Yesterday, Levitt and HarperCollins both filed motions to dismiss. The only significant difference between the two motions is that Levitt’s must deal not only with the statement in Freakonomics, but also with the statement in the e-mail to John McCall about Lott’s arrangement with The Journal of Law & Economics. Levitt’s motion to dismiss can be found here.
The arguments for dismissing both counts are essentially the same, that the statements in the book and the e-mail are non-actionable statements of opinion protected by the First Amendment and that neither statement is capable of a defamatory per se meaning under Illinois or Virginia law.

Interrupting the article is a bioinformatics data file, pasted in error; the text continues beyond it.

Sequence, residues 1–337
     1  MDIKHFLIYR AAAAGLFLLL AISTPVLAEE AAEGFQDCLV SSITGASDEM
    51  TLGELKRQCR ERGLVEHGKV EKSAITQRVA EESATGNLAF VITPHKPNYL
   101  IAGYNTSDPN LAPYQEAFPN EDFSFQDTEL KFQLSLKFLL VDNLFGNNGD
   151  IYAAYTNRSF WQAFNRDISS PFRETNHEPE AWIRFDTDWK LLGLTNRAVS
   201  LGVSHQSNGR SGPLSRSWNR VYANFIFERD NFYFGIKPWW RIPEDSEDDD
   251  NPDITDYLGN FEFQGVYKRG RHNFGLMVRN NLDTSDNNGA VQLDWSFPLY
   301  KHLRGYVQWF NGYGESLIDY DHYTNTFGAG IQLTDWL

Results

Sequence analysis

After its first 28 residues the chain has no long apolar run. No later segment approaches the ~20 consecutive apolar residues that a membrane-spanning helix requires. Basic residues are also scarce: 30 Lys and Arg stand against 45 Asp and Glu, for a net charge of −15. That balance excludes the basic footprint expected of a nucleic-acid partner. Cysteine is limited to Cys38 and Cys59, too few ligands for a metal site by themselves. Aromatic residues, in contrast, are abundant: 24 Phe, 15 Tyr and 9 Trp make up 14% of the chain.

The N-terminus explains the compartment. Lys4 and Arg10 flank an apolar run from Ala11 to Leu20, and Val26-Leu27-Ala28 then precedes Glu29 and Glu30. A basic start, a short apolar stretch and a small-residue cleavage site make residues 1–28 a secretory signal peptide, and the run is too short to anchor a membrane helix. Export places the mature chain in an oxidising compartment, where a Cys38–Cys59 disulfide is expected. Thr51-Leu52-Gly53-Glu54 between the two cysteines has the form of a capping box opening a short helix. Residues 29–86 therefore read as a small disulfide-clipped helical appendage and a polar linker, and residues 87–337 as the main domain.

The topic of primary interest around here, the meaning of replication in academic research, is not discussed in the motions to dismiss. However, its meaning is mentioned as a major factual issue in the Joint Initial Status Report filed yesterday, though the defendants dispute the legal materiality of the word’s meaning. The motions do say that the statement in Freakonomics “is capable of a reasonable, non-defamatory per se construction under Illinois law,” which would seem to make the meaning of replication material, but I will leave such things to the defamation experts.